Michael Hunter, MD on Medika Life

Heading Off Heartburn

Sleeping on your left side may improve symptoms.

“I always read the last page of a book first so that if I die before I finish I’ll know how it turned out.”
― Nora Ephron, Heartburn

DO YOU GET HEARTBURN? Stomach contents heading back into the esophagus (gastroesophageal reflux) are not unexpected. For many, these episodes are fleeting and do not cause symptoms or injury to the esophagus.

Gastroesophageal reflux becomes a problem when it causes significant damage to the esophagus or symptoms.

Today we look at the physiology of gastroesophageal reflux, causes, symptoms, diagnosis, and potential non-medical interventions for management.

We’ll end with the observation that those who sleep on their left side have less potentially harmful stomach acid than others.

What is reflux (GERD)?

At your stomach’s entrance is a functional valve, a muscle ring known as the lower esophageal sphincter (LES). Usually, the LES closes after food passes through it.

If the sphincter does not entirely close (or it opens too frequently), stomach acid can move backward into your esophagus. With this retrograde acid flow, one can experience symptoms such as burning chest discomfort or heartburn.

WebMD offers that if acid reflux symptoms happen more than twice per week, you may have acid reflux disease, also known as gastroesophageal reflux disease (GERD).

If your symptoms of acid reflux occur more than twice weekly, you may have gastroesophageal (acid) reflux disease.

Photo by Kobby Mendez on Unsplash

Reflux: Common risk factors

A common cause of acid reflux is a hiatal hernia. This condition happens when the upper stomach and the lower esophageal sphincter slip above the diaphragm (the muscle separating your stomach from the chest). If you have a hiatal hernia, acid can more easily move up into your esophagus, causing acid reflux disease.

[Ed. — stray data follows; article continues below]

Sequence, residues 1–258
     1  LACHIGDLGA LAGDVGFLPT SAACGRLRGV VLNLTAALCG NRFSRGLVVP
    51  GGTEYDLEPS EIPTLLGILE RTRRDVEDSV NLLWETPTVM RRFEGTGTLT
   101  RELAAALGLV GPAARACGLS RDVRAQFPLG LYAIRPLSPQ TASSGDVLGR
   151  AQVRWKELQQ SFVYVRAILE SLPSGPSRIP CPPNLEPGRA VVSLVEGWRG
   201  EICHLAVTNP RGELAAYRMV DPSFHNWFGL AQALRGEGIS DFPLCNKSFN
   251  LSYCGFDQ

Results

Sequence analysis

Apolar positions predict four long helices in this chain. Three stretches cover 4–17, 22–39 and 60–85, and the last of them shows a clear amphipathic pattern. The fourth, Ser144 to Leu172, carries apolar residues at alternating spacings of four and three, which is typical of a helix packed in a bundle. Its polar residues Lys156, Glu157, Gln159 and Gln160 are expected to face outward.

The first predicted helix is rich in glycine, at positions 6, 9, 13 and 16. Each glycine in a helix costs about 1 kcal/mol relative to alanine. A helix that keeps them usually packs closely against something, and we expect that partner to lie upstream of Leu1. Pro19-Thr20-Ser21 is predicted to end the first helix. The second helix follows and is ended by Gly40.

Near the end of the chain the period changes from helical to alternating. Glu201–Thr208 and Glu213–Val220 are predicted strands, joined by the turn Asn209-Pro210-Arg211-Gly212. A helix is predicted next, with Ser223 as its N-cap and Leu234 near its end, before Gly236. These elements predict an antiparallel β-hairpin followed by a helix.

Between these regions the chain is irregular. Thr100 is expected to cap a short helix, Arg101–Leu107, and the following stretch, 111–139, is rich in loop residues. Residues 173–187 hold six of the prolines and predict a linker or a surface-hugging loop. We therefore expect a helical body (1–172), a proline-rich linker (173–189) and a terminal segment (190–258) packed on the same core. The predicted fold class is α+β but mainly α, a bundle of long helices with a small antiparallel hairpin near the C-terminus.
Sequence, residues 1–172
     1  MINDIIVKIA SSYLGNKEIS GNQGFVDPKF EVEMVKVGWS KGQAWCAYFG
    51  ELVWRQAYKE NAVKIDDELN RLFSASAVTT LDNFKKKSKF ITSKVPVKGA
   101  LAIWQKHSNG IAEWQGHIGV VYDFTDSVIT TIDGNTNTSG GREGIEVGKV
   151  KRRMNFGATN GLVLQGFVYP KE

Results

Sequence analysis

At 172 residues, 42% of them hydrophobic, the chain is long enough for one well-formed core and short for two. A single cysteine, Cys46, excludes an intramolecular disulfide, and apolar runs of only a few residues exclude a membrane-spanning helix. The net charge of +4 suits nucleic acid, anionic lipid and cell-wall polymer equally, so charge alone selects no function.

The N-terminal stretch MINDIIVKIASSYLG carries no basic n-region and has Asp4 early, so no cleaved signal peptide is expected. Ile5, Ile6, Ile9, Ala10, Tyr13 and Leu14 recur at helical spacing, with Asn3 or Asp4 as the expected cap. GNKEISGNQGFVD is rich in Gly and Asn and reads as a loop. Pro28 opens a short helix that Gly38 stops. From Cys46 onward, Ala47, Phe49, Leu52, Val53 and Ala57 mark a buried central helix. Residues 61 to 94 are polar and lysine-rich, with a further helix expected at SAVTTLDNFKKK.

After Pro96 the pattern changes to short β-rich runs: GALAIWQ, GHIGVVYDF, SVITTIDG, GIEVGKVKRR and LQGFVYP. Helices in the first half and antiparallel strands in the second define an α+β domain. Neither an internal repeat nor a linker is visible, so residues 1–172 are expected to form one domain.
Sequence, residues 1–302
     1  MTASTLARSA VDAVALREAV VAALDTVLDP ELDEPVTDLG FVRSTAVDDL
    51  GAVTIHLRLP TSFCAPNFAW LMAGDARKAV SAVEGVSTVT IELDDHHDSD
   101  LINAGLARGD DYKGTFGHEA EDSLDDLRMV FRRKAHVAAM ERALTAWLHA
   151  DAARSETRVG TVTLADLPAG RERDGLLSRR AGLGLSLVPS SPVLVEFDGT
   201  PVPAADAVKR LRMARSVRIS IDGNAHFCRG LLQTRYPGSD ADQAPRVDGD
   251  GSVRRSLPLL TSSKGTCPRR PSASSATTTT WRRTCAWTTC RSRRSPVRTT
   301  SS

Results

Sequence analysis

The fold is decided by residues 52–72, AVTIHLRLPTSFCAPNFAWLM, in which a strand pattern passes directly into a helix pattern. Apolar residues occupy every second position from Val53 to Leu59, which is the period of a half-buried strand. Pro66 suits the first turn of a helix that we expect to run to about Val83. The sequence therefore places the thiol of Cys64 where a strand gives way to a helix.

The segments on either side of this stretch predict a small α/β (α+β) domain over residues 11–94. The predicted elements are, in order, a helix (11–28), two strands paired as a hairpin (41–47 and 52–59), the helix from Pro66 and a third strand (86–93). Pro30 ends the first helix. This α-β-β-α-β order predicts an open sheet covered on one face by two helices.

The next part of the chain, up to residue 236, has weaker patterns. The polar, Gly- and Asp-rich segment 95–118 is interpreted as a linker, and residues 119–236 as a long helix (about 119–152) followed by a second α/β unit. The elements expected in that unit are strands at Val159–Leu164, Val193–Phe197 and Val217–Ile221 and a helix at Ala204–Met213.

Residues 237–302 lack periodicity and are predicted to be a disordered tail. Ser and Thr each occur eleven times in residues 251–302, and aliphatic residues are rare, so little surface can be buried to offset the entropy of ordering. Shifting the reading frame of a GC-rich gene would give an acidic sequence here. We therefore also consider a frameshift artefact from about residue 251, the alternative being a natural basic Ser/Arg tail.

Other risk factors for acid reflux disease include:

  • Being overweight or obese
  • Consuming large meals or lying down right after eating
  • Eating certain foods, for example, such as spicy or fatty foods. Some get heartburn from citrus, tomato, mint, garlic, or onions.
  • Drinking beverages such as alcohol, carbonated drinks, coffee, or tea
  • Smoking
  • Being pregnant
  • Taking certain medicines (aspirin, ibuprofen, certain muscle relaxers, and some blood pressure medicines are examples)

Reflux (GERD): Symptoms

The Mayo Clinic (USA) explains that common symptoms of gastroesophageal reflux disease (GERD) include:

  • Chest pain
  • Heartburn (a burning sensation in your chest, typically after eating). Heartburn can be worse at night.
  • Swallowing difficulty
  • Regurgitation of food or sour liquid
  • Lump in your throat sensation

This burning can occur anytime but is often worse after eating. For many, heartburn gets worse when they recline or lie in bed, making getting good sleep a challenge.

Photo by Humberto Chavez on Unsplash

The Mayo Clinic offers that you should seek immediate medical care if you have chest pain (especially if you also have shortness of breath or jaw or arm pain). These may be symptoms of a heart attack.

Make an appointment with your doctor if you have severe or frequent GERD symptoms. Also, check-in with your healthcare provider if you use over-the-counter medications for heartburn more than twice weekly.